It is interesting to see Spike Lee move into sports. Of course, everyone knows that Lee has been a fixture at many a Knicks game, but I personally though that ey would stick with the feature films for a while longer.
However, the work that Lee put into Kobe Doinâ€™ Work is enough to get even those individuals that do not like sports into the rec room or wherever the film may be playing.
Where ESPN (the original company that aired the special) has done a number of different sports documentaries in the 30 years since it originally went on-line, Leeâ€™s experience behind the camera is enough to make each scene pop in its own special way. By getting into Kobe Bryantâ€™s mind as ey goes through the lead-up to the pivotal game against the San Antonio Spurs, fans can understand the sheer amount of work that goes into less than an hour of actual game play. For me, the best part of the film is when I began to realize that what Kobe makes look so easy and natural is something that takes a tremendous amount of time to plan out, ensuring that everyone is on the same page.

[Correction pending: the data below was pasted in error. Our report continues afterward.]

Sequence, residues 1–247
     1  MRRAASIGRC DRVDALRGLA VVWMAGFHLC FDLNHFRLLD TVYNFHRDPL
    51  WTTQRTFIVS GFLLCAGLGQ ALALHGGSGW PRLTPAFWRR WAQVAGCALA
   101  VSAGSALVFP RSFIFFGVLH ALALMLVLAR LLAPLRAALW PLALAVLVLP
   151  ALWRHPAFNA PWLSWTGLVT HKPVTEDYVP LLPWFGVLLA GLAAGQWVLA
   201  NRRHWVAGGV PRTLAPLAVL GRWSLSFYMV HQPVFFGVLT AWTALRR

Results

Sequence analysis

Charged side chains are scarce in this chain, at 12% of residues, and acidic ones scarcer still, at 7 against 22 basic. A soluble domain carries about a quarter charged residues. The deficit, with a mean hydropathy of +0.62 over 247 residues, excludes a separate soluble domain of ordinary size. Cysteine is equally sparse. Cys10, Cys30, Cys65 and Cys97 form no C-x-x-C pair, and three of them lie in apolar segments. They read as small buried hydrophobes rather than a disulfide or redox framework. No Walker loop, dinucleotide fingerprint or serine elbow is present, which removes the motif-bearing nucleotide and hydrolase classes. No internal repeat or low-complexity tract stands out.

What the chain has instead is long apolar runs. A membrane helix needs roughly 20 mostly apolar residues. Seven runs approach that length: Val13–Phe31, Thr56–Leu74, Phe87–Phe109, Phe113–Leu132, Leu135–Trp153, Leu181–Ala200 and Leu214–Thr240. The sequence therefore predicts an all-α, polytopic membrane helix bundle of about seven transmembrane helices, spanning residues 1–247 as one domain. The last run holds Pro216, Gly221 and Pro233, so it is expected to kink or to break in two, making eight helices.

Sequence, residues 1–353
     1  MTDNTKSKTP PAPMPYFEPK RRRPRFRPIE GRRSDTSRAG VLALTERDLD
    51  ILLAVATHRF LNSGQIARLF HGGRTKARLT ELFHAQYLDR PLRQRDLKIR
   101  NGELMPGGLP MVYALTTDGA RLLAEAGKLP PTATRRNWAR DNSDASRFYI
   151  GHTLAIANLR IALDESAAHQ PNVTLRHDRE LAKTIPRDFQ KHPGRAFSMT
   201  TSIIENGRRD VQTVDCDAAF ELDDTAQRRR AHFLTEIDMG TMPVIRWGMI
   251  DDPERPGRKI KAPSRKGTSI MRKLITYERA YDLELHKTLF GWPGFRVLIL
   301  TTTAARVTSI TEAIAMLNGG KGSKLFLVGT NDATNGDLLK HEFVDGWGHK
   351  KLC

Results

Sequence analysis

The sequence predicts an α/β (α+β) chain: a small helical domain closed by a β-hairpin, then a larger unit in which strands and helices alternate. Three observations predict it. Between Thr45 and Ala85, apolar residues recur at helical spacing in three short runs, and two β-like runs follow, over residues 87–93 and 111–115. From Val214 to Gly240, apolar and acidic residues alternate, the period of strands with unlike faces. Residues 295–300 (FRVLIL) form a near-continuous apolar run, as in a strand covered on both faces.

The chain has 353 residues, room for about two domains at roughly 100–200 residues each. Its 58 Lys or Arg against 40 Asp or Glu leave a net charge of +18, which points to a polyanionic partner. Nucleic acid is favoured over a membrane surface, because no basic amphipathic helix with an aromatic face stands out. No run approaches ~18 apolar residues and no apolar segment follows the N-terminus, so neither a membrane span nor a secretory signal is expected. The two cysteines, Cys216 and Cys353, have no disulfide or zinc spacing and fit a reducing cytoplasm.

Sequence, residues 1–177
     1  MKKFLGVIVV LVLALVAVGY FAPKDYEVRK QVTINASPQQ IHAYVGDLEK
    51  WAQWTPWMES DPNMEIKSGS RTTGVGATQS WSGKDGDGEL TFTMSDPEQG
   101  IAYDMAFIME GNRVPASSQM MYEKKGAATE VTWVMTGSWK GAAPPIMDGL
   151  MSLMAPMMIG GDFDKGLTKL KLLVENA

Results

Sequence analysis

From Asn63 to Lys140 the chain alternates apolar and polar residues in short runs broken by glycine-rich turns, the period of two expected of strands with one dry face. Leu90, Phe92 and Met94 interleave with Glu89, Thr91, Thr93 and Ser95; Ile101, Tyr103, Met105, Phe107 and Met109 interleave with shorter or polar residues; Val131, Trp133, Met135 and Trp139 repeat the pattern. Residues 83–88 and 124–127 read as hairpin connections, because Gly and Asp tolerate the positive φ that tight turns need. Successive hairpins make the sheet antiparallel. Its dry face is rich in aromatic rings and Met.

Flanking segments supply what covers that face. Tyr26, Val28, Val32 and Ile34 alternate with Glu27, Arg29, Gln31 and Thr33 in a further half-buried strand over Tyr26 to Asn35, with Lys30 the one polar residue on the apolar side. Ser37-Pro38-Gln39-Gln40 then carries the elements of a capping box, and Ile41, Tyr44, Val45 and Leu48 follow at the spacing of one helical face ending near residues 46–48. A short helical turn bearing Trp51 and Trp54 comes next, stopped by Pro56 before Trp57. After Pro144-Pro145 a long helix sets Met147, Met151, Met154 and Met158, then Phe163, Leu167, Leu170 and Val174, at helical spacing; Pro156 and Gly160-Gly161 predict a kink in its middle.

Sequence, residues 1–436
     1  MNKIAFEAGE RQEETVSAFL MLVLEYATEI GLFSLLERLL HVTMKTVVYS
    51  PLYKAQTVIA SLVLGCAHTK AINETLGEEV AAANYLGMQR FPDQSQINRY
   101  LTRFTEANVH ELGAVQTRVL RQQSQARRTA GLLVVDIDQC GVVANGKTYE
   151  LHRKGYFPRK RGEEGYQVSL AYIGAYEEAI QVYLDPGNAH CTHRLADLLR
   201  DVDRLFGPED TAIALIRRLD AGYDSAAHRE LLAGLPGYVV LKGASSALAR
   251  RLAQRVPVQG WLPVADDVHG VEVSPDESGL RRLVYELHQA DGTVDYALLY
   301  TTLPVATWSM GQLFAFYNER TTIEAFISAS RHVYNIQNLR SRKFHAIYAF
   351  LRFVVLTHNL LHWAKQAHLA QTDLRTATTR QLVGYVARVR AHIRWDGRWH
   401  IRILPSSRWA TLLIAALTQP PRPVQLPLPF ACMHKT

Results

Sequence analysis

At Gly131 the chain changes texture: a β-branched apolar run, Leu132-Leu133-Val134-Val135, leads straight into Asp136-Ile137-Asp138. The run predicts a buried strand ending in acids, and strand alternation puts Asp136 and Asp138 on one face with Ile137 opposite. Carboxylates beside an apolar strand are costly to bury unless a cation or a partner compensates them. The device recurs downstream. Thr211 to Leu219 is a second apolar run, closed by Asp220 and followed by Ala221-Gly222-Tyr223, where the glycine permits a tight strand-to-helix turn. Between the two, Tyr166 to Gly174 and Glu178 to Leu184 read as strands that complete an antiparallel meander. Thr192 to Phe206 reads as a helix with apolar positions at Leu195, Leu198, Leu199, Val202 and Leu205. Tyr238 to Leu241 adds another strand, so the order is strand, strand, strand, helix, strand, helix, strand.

What I would personally like to see with future Lee-directed joints about sports would be a similar treatment of leaders of different sports. How would a film about Evgeni Malkin (hockey) or Derek Jeter compare to Kobe Doinâ€™ Work, and what similarities or differences would viewers be able to see?
Kobe Doinâ€™ Work is a ground-breaking work in sports documentaries, and is one that really should be looked at for anyone that wants to go and make a film in the field in the next fifteen or twenty years.
Kobe Doinâ€™ Work / 2009 Buena Vista / 84 Minutes / http://sports.espn.go.com/espn/page2/features/kobedoinwork /